Recently you saw on our Facebook page some important clean energy news. MidAmerican Energy Company announced plans to invest $1.9 billion in wind energy projects in Iowa. The power company plans to install 656 wind turbines throughout the state, adding 1,050 megawatts of wind generation.
This clean energy investment will:
Create jobs: Create 460 construction jobs over two years and 48 permanent jobs.
Save money: Is expected to cut consumer rates by $3.3 million in 2015, growing to $10 million annually by 2017.
Benefit farmers and the state: Landowners that allow turbines on their land will be paid $3.2 million annually and the state is expected to generate more than $360 million in additional property tax revenues over the next 30 years.
Attract businesses: Facebook recently chose to locate a new data center in Iowa, in part because the company wants to meet its goal of getting 25% of its power from clean sources.
It's no wonder that clean energy enjoys such strong support when projects like this are creating jobs, attracting investment, saving consumers money and reducing pollution. More than 70% of Americans support expanding wind power and a whopping 85% of Iowans see wind energy as a positive for the state.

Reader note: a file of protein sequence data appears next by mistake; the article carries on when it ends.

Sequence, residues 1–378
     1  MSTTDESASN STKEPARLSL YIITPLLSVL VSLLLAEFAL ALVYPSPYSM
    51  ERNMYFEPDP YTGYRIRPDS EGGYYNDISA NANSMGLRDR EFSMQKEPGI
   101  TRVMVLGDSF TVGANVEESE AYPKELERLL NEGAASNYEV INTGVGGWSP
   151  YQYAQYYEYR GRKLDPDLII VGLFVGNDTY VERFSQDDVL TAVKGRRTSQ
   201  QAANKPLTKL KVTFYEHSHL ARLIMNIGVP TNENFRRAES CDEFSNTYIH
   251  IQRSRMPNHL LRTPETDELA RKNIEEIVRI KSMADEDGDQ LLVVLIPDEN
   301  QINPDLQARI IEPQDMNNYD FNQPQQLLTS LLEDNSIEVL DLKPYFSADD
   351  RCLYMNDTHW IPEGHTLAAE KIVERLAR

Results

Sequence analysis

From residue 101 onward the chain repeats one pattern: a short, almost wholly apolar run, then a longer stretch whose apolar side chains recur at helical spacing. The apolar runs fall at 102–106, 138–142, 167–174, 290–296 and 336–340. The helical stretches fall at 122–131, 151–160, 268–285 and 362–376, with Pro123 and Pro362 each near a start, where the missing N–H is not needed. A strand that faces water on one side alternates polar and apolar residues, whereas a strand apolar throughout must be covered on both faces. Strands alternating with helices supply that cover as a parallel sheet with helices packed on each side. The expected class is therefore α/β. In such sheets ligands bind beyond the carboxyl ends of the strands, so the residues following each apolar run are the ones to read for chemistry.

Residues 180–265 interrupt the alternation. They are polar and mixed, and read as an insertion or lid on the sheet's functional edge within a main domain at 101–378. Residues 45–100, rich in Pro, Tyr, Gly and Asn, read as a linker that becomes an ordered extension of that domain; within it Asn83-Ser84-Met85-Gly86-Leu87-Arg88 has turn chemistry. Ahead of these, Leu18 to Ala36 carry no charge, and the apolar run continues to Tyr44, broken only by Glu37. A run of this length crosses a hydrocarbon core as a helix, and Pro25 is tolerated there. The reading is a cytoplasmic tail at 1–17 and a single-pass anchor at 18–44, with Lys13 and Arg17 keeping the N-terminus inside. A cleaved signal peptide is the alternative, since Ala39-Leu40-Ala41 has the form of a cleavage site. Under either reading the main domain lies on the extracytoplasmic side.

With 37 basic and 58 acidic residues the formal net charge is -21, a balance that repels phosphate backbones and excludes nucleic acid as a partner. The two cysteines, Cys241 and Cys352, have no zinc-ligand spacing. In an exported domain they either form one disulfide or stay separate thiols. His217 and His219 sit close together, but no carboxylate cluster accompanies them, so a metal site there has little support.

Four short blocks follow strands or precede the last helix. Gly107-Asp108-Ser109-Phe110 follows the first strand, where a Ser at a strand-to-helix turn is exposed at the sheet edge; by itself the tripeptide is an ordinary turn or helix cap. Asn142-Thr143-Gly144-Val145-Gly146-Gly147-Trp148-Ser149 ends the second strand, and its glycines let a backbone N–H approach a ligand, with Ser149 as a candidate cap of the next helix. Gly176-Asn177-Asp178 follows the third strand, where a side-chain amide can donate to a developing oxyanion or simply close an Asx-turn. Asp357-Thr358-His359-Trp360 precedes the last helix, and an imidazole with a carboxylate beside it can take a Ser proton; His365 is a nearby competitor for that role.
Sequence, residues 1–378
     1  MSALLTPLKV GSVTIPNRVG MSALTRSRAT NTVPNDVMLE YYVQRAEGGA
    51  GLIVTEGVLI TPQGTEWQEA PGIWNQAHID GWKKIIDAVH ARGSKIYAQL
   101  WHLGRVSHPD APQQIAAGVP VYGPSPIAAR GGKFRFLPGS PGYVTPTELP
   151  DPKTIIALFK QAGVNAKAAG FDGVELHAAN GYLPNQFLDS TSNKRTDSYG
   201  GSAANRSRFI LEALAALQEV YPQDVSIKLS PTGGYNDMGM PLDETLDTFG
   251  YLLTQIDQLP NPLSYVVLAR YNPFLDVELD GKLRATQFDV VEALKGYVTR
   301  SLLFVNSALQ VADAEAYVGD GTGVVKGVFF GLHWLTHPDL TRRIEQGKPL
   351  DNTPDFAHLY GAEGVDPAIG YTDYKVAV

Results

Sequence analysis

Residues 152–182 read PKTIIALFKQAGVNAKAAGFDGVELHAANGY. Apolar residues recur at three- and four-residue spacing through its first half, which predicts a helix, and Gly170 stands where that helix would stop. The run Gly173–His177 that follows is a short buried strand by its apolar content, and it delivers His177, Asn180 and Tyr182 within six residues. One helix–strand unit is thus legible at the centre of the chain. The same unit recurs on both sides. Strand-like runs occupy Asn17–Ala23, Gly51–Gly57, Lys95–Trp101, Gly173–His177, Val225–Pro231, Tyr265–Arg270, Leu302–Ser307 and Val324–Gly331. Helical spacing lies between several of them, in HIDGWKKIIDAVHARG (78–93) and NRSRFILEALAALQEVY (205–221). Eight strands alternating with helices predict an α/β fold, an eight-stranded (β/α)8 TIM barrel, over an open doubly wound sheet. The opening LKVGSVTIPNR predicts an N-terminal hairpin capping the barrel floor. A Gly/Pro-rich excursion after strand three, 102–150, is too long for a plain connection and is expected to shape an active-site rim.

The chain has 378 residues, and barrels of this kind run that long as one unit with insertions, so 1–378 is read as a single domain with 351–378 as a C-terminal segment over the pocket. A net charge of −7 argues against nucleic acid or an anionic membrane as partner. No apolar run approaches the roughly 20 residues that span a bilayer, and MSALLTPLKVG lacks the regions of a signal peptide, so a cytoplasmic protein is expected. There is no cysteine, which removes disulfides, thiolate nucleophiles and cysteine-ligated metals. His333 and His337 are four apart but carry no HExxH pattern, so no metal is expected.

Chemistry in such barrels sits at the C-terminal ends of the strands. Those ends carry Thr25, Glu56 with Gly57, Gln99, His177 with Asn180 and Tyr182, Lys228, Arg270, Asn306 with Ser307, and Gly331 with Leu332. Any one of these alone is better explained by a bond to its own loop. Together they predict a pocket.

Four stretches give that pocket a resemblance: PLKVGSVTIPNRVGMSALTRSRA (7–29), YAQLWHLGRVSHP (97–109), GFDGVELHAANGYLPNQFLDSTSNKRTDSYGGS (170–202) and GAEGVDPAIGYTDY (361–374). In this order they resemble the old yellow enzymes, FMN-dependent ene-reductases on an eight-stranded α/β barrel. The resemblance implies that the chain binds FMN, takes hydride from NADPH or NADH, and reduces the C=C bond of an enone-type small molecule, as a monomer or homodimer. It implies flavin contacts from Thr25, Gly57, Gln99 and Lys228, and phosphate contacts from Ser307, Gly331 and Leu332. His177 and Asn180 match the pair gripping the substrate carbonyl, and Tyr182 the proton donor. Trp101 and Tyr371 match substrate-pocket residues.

Smart politicians of both parties have already seen that running on an overwhelmingly popular issue like wind power can contribute to winning campaigns. In our Running Clean report, we describe the way that President Obama campaigned on wind energy during the 2012 election. He cited his support for federal tax incentives for wind energy (and his opponent's opposition to them) during stump speeches, in a television ad and in a special website dedicated to Iowa wind. Conservative Republicans in the state like Rep. Steve King and Rep. Tom Latham took the same position as the president, supporting wind energy and even urging Mitt Romney to change his mind. On election day, the President won the state by 6 points.
While some Members of Congress and other Washington insiders may think of clean energy as a wedge issue, the news out of the heartland shows that isn't the case on the ground. In the real world, clean energy is creating jobs and saving consumers money. And those are concepts that voters in both parties can agree on.